More than anything else, a Peter Obi presidency will settle the question of the alleged marginalization of the Igbos in Nigeria. Whether we agree or not, the activities of the Indigenous People of Biafra (IPOB) has gotten the attention of everyone in the country. They have spilled enough blood for us all to ask them: what do you want. If by any chance Peter Obi is elected President it is not likely that their cry of marginalization will end; it will however reduce considerably and the Nigerian government, under Obi, can then fast-track a process of meeting the demands of these aggrieved section of the country. The presidency of Nigeria is not the exclusive right of one or two sections of the country; the Igbo man can also rule the country and if they are suggesting Obi as their man, the Nigerian people should consider him.
Another thing that has endeared Obi to me is this perceived stinginess of his. Fr. Mbaka, of the Adoration Ministries, Enugu, had suggested that Nigeria does not need a stingy person in government. What Mbaka regards as being stingy is what sane people in developed countries regard as being thrifty. There is one major problem that many of us in this country have not been able to identify and that is our penchant for waste. Nigerians are not only corrupt, we are also very wasteful and the place where this waste is most prominent is in government circles – it is incredible. Peter Obi’s success in Anambra State was in curbing waste in government. He was so thrift with government resources that while he met the state in debt, he left huge resources in government coffers when he left. Nothing teaches a people frugality than adversity but Nigerians are unable to learn to use scarce resources well because a culture of corruption has made it impossible for us to think these issues through. Everyone is milking the country and are ready to jump ship the moment the country begins to sink. Thankfully, Peter Obi is of another spirit.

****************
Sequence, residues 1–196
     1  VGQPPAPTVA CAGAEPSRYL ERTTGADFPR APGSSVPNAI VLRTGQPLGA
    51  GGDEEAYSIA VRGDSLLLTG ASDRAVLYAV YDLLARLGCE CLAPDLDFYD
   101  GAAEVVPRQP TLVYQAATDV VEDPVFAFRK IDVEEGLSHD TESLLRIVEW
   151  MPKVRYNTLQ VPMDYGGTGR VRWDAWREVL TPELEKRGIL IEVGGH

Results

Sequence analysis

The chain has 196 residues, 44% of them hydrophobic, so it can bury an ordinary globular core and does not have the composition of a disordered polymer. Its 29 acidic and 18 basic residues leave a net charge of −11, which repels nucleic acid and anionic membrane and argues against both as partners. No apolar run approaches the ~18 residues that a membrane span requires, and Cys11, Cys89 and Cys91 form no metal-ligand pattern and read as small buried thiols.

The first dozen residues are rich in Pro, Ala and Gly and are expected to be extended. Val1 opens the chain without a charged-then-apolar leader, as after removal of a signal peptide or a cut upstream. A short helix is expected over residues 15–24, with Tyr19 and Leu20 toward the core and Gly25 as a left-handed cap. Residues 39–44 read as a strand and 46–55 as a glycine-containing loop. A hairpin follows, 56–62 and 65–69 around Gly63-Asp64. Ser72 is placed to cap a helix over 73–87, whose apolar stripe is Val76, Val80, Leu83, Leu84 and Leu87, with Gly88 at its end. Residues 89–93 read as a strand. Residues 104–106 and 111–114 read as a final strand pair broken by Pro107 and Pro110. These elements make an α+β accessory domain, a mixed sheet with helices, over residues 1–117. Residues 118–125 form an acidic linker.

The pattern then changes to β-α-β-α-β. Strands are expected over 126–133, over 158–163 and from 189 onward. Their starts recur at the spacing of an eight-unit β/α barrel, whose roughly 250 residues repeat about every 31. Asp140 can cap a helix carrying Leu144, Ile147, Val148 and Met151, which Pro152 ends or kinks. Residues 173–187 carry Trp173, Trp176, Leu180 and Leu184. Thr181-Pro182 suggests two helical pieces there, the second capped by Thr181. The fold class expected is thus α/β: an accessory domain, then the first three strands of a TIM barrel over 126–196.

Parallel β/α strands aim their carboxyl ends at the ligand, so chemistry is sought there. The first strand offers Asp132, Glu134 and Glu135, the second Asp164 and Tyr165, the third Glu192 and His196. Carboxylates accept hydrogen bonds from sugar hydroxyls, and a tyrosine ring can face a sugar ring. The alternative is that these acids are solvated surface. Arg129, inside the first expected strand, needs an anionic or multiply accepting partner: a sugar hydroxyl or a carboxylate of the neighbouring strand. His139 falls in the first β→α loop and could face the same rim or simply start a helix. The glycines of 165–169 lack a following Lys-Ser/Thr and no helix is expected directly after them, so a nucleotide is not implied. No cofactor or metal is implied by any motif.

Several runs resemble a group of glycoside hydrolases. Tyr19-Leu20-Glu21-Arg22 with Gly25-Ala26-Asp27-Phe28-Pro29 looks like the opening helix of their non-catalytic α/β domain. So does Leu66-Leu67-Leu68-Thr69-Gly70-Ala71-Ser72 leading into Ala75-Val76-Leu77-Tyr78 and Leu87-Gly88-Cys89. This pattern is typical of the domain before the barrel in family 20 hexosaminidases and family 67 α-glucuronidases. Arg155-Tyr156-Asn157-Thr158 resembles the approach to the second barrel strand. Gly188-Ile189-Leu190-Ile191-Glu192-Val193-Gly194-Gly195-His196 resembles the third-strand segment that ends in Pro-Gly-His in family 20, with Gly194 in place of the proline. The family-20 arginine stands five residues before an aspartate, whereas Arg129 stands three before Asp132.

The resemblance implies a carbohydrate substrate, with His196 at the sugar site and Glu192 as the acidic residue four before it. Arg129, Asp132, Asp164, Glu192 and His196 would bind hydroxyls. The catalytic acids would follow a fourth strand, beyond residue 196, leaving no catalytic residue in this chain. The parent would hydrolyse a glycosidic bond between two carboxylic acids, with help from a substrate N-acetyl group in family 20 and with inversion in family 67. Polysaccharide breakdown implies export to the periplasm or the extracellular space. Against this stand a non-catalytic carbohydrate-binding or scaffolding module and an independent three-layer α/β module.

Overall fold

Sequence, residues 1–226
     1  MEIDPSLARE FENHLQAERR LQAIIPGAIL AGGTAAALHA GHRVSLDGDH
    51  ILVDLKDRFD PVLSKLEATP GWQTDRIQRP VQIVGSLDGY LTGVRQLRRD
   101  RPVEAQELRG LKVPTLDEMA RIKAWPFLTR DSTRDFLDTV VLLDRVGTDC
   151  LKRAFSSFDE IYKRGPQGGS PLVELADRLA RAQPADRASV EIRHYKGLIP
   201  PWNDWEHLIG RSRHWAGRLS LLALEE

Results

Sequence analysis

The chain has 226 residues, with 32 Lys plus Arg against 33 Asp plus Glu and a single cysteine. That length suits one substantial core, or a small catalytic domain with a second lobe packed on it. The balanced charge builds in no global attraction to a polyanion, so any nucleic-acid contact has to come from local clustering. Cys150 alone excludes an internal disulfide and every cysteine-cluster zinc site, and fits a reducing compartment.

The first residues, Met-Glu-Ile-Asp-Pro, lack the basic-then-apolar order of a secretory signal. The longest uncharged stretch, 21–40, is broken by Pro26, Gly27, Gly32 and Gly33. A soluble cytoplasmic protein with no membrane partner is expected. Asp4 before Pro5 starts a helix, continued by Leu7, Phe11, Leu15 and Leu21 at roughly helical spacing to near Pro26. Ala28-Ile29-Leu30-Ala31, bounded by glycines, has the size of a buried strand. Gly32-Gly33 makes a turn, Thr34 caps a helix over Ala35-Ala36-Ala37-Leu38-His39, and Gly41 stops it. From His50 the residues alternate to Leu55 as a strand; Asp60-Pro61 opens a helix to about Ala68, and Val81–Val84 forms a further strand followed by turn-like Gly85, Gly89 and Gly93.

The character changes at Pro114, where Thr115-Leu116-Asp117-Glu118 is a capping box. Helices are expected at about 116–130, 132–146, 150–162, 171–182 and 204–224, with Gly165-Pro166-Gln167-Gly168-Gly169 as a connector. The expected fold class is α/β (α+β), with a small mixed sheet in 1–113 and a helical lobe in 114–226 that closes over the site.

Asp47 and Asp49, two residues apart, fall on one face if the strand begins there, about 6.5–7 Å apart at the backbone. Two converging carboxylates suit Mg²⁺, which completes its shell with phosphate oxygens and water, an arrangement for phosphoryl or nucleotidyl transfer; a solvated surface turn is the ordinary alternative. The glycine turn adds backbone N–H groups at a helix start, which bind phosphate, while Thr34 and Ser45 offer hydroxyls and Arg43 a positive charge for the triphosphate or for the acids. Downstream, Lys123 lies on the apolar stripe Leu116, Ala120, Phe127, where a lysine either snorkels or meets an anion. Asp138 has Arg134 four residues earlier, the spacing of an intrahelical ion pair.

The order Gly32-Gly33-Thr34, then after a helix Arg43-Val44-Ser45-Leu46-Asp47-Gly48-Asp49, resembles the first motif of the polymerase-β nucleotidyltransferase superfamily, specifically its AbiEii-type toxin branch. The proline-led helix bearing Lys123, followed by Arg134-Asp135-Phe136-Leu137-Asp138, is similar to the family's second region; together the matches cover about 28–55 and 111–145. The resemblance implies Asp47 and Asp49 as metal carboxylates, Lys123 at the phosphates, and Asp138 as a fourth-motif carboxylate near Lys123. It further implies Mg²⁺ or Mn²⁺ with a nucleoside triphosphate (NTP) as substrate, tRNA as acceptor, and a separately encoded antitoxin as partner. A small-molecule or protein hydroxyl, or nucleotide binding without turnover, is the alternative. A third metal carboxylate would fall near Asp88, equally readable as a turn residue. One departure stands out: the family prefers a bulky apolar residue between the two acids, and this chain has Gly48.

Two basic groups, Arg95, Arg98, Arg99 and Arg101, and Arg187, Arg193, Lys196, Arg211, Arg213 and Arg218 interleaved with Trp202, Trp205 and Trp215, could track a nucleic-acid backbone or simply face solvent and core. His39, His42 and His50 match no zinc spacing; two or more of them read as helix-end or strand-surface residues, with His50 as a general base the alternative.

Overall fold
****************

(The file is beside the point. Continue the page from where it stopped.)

I am not under an illusion that it will be an easy ride for Peter Obi to the seat of the presidency of Nigeria. I believe that as things stand, the best that Peter Obi could get will be a few million – perhaps five million votes – which will stand as an advantage for him in 2027. I also believe that fostering a coalition with a popular individual in Northern Nigeria, like former Governor of Kano State, Rabiu Kwakwansor, will give Obi a major boost during the forthcoming elections. The last card that I will be banking on will be some sort of tsunami – some kind of realization falling on many Nigerians and helping us to realize that we cannot continue to do the same thing in the same way and expect a different result. If after 24 years of PDP and APC this country has not been able to make any significant progress, and all the options the two parties can give to us are two individuals who are better off in nursing homes than in the highest office in the land, it is time we take our destinies in our hands and do the right thing.
I believe the right thing is supporting the presidential ambition of Peter Obi. This is how I became OBIdient. Would you also consider the Peter Obi option?